As you’ll see, the first several lines of this file are commented out – they begin with # characters indicating that they are to be read as documentation rather than as settings. As you’ll also see, these comments are directing you not to modify this file directly. Instead, you have two options: either create individual profiles for Fail2ban in multiple files within the jail.d/ directory, or create and collect all of your local settings in a jail.local file. The jail.conf file will be periodically updated as Fail2ban itself is updated, and will be used as a source of default settings for which you have not created any overrides.

In this tutorial, you’ll create jail.local. You can do that by copying jail.conf:

  1. sudo cp jail.conf jail.local

Now you can begin making configuration changes. Open the file in nano or your favorite text editor:

  1. sudo nano jail.local

While you are scrolling through the file, this tutorial will review some options that you may want to update. The settings located under the [DEFAULT] section near the top of the file will be applied to all of the services supported by Fail2ban. Elsewhere in the file, there are headers for [sshd] and for other services, which contain service-specific settings that will apply over top of the defaults.

. . .
bantime = 10m
. . .

The bantime parameter sets the length of time that a client will be banned when they have failed to authenticate correctly. This is measured in seconds. By default, this is set to 10 minutes.

. . .
findtime = 10m
maxretry = 5
. . .

The next two parameters are findtime and maxretry. These work together to establish the conditions under which a client is found to be an illegitimate user that should be banned.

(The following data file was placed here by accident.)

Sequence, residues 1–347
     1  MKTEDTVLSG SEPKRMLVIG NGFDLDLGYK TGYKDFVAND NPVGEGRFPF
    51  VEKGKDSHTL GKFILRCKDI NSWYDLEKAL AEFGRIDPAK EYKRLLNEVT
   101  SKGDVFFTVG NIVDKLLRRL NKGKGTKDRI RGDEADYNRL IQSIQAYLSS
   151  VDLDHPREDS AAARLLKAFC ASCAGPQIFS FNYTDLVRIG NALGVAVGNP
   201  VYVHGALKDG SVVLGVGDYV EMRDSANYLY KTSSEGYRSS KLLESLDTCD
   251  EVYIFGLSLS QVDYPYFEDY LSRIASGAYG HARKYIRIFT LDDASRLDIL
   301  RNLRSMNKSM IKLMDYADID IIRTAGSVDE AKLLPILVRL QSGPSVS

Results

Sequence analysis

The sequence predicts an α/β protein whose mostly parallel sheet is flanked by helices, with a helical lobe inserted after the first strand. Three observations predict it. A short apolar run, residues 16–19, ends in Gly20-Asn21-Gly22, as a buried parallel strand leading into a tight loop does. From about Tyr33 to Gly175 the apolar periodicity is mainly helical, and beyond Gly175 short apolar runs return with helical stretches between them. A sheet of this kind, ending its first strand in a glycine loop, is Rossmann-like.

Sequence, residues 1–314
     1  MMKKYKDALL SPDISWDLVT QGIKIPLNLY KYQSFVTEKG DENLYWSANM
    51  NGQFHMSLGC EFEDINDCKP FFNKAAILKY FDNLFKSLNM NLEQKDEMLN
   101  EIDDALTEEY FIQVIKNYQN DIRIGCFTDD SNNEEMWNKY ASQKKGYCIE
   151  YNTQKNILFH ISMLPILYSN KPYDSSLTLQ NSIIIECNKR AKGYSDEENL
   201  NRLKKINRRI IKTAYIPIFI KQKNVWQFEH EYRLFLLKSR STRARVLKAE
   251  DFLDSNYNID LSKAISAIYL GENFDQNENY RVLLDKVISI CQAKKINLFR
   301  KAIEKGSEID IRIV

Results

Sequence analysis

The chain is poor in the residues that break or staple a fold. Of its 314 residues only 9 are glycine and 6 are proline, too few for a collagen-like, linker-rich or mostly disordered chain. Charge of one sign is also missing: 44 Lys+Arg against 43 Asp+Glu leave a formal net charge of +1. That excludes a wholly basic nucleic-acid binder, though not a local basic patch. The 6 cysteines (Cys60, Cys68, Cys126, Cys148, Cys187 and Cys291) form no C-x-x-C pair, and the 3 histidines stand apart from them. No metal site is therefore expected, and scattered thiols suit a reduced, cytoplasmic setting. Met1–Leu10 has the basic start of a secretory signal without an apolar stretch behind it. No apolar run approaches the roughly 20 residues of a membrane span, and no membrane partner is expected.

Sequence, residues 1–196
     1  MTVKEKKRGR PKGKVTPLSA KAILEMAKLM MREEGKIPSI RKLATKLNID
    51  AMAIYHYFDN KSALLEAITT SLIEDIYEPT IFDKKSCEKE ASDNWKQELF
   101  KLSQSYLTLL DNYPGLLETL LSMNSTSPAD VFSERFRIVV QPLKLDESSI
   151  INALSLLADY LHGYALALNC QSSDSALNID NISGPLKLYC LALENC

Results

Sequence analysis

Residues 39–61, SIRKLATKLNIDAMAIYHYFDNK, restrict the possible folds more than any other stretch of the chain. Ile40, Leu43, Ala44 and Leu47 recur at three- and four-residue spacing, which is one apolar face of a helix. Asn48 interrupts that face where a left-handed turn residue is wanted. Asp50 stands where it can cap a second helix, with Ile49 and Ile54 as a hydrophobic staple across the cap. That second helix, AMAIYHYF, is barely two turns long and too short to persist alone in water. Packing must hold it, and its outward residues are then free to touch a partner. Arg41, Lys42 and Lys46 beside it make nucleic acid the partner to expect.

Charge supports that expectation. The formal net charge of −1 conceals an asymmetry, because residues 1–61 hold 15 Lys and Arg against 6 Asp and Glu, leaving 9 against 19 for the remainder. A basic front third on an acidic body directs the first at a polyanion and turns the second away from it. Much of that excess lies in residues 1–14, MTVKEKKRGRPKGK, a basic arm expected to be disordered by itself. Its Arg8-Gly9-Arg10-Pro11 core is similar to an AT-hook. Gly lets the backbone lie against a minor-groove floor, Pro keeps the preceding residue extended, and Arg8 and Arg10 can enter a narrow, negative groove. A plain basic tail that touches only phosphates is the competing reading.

The maxretry variable sets the number of tries a client has to authenticate within a window of time defined by findtime, before being banned. With the default settings, the fail2ban service will ban a client that unsuccessfully attempts to log in 5 times within a 10 minute window.

. . .
destemail = root@localhost
sender = root@<fq-hostname>
mta = sendmail
. . .

If you need to receive email alerts when Fail2ban takes action, you should evaluate the destemail, sendername, and mta settings. The destemail parameter sets the email address that should receive ban messages. The sendername sets the value of the “From” field in the email. The mta parameter configures what mail service will be used to send mail. By default, this is sendmail, but you may want to use Postfix or another mail solution.

. . .
action = $(action_)s
. . .

This parameter configures the action that Fail2ban takes when it wants to institute a ban. The value action_ is defined in the file shortly before this parameter. The default action is to update your firewall configuration to reject traffic from the offending host until the ban time elapses.

There are other action_ scripts provided by default which you can replace $(action_) with above:

# ban & send an e-mail with whois report to the destemail.
action_mw = %(action_)s
            %(mta)s-whois[sender="%(sender)s", dest="%(destemail)s", protocol="%(protocol)s", chain="%(chain)s"]

# ban & send an e-mail with whois report and relevant log lines
# to the destemail.
action_mwl = %(action_)s
             %(mta)s-whois-lines[sender="%(sender)s", dest="%(destemail)s", logpath="%(logpath)s", chain="%(chain)s"]

# See the IMPORTANT note in action.d/xarf-login-attack for when to use this action
# ban & send a xarf e-mail to abuse contact of IP address and include relevant log lines
# to the destemail.
action_xarf = %(action_)s
             xarf-login-attack[service=%(__name__)s, sender="%(sender)s", logpath="%(logpath)s", port="%(port)s"]

# ban IP on CloudFlare & send an e-mail with whois report and relevant log lines
# to the destemail.
action_cf_mwl = cloudflare[cfuser="%(cfemail)s", cftoken="%(cfapikey)s"]
                %(mta)s-whois-lines[sender="%(sender)s", dest="%(destemail)s", logpath="%(logpath)s", chain="%(chain)s"]

For example, action_mw takes action and sends an email, action_mwl takes action, sends an email, and includes logging, and action_cf_mwl does all of the above in addition to sending an update to the Cloudflare API associated with your account to ban the offender there, too.

Individual Jail Settings

Next is the portion of the configuration file that deals with individual services. These are specified by section headers, like [sshd].

Each of these sections needs to be enabled individually by adding an enabled = true line under the header, with their other settings.